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Tuesday, April 12, 2011     INTELLIGENCE BRIEFING

Saudis, Algeria notable in list on military spending

LONDON — The Stockholm International Peace Research Institute reported that Algeria and Saudi Arabia were among the highest military spenders.


The institute said the Middle East spent $111 billion on military equipment and weapons in 2010, a 2.5 percent increase from last year. In all, global military spending was reported at $1.63 trillion for 2010, an increase of 1.3 percent.

"The largest absolute rise in the region was by Saudi Arabi," SIPRI said.

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The institute, which on April 11 released its yearbook for 2010, said Algeria led major oil producers in Africa for military procurement, Middle East Newsline reported. The Algerian military procurement was said to mark an arms race with neighboring Morocco.

"In recent years concerns have been expressed that regional rivals Algeria and Morocco are engaged in an arms race," the report said. "SIPRI data shows that the overwhelming majority of arms transfers to North Africa for the period 2005–2009 were destined for Algeria."

The report said the Algerian-Moroccan arms race could influence Libyan defense spending. Morocco has already placed orders for F-16 fighter-jets, Sigma-class frigates and missiles.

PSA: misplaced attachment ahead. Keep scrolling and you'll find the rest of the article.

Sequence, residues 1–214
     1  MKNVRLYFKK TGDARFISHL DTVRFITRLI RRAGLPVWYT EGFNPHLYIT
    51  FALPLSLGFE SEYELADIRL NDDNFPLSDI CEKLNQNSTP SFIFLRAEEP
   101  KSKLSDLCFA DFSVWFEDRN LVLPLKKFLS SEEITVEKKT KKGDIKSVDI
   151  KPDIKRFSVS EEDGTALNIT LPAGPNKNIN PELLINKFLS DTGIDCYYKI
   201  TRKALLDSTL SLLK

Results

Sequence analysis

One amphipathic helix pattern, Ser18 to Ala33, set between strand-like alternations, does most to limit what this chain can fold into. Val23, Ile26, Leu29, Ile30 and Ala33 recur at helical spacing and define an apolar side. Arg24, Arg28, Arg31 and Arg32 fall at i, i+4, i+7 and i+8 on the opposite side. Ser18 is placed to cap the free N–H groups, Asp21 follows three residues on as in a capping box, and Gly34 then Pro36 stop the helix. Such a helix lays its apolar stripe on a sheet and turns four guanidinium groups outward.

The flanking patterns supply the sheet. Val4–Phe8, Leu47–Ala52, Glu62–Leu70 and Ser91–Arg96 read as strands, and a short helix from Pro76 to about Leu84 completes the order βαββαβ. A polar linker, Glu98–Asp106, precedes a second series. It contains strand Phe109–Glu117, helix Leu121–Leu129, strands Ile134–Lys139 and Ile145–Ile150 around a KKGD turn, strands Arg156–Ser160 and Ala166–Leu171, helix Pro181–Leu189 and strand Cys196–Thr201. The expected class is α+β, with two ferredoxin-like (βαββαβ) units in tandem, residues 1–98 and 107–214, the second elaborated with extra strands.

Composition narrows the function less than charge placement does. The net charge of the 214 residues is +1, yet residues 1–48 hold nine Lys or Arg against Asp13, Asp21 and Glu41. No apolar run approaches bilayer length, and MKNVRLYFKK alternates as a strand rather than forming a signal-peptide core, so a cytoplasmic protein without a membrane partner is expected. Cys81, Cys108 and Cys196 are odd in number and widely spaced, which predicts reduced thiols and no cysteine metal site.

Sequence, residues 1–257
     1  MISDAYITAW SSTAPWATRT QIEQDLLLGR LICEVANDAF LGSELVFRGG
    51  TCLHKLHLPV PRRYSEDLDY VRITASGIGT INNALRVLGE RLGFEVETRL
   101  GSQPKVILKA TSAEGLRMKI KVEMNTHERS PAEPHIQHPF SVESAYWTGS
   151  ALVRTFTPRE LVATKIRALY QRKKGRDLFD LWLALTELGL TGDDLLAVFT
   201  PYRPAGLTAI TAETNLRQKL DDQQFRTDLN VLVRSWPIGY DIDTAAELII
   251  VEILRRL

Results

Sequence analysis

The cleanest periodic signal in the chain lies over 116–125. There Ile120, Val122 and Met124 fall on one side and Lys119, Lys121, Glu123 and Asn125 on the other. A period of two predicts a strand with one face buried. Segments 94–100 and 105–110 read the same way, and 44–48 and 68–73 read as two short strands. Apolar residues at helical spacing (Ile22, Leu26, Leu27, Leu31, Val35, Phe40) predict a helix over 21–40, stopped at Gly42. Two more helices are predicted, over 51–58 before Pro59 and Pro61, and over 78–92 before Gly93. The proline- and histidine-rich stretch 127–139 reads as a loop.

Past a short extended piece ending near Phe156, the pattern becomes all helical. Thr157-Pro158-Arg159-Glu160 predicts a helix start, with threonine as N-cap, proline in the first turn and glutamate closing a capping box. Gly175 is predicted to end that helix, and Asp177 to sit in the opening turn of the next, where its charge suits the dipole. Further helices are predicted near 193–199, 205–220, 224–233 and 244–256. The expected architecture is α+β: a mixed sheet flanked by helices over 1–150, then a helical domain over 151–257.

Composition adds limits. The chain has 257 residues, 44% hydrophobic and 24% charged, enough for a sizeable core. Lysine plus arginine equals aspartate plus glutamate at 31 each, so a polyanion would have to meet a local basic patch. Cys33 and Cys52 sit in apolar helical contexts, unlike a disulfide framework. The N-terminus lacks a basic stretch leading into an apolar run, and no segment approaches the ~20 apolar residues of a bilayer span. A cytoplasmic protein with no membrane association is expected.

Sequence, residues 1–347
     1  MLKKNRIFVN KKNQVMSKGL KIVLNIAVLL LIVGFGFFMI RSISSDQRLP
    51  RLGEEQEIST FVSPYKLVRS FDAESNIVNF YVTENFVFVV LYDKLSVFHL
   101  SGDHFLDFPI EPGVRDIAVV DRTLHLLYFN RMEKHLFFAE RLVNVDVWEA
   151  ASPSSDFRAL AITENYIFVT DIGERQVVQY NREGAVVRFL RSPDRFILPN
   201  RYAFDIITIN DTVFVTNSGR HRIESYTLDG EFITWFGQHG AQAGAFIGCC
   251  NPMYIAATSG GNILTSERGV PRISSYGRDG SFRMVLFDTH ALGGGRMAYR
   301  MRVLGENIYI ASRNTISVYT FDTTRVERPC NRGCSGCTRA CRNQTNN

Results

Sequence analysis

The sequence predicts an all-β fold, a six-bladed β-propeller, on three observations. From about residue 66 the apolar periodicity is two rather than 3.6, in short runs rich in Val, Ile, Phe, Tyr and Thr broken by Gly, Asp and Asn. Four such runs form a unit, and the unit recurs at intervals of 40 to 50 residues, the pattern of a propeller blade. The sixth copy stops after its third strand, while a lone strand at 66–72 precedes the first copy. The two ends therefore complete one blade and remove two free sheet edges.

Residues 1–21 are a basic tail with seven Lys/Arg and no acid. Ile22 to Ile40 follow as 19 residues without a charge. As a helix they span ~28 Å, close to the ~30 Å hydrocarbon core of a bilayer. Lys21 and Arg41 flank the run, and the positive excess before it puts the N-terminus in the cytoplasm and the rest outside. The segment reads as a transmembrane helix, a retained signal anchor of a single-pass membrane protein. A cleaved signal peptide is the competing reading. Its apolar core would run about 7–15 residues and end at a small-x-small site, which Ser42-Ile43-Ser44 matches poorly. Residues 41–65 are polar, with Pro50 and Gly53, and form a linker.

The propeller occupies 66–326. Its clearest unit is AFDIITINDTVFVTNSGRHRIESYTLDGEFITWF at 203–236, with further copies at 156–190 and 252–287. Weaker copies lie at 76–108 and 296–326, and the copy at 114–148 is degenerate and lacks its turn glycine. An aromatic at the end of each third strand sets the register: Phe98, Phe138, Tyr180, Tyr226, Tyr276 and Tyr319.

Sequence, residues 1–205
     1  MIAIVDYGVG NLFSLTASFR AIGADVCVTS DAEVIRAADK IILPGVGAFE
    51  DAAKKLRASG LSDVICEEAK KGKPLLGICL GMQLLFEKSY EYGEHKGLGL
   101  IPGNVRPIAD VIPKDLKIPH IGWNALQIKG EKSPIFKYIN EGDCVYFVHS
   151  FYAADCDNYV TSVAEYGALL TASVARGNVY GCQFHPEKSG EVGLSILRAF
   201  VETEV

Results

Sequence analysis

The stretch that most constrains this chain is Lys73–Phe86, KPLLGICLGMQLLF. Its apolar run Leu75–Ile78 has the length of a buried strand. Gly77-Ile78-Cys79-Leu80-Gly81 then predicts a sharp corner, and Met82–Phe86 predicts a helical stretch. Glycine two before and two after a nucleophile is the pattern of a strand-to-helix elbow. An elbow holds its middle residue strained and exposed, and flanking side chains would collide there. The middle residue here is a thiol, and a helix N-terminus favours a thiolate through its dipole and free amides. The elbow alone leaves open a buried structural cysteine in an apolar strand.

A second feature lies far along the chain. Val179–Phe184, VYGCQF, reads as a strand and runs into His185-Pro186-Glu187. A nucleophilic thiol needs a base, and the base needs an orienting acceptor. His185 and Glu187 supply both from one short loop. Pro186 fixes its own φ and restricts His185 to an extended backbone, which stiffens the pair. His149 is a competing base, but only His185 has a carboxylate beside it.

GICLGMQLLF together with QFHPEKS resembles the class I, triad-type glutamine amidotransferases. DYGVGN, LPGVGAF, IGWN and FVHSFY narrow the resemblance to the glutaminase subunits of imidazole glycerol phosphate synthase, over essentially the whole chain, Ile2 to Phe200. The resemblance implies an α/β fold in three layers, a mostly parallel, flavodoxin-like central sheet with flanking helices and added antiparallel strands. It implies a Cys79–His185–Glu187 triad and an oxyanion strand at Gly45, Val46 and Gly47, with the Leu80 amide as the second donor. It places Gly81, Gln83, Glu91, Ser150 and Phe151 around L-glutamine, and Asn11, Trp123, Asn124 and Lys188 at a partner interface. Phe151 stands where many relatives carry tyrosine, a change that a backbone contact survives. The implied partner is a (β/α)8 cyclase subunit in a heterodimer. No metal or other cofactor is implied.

SIPRI said major weapons recipients between 2005 and 2009 were Greece and the United Arab Emirates. Israel and Algeria were ranked sixth and ninth during that period.

"Recent arms acquisitions by certain states in Latin America, the Middle East, North Africa and South East Asia suggest that a pattern of reactive arms acquisitions is emerging, that could develop into regional arms races," the report said. "Asian and Middle Eastern countries are expected to remain among the world's largest importers."

The United States was deemed the leading military supplier to the Middle East. One market identified by the institute was Iraq, whose military has been developed by Washington.

"Iraq continues to rely on the USA for the provision of equipment to rebuild its armed forces, but has also received arms from Russia, Ukraine, Hungary, Italy, Poland and Turkey," the report said. "Its ambitious procurement plans have been hit by the economic crisis and declining oil prices. Nevertheless, the timetable for the withdrawal of US forces from Iraq lends a sense of urgency to international efforts to provide Iraq with the arms and military equipment it seeks to meet its perceived internal and external security needs."

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